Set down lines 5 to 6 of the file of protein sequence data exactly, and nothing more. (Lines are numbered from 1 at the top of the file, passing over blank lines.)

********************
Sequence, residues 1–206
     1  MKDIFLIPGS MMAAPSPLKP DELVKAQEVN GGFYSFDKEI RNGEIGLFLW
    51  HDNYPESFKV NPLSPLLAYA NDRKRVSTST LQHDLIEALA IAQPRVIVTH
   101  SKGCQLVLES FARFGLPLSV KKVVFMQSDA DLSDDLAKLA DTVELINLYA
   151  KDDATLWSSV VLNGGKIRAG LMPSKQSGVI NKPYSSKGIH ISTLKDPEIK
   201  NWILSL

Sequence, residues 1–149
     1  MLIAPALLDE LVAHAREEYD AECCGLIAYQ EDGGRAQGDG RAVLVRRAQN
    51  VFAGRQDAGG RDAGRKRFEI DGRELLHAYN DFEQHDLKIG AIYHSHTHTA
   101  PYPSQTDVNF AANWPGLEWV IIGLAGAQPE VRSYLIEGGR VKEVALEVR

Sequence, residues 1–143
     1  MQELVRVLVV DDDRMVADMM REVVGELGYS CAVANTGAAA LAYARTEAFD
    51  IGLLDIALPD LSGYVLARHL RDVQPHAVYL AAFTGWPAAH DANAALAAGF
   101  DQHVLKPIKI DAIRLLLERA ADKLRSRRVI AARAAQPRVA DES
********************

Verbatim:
   151  KDDATLWSSV VLNGGKIRAG LMPSKQSGVI NKPYSSKGIH ISTLKDPEIK
   201  NWILSL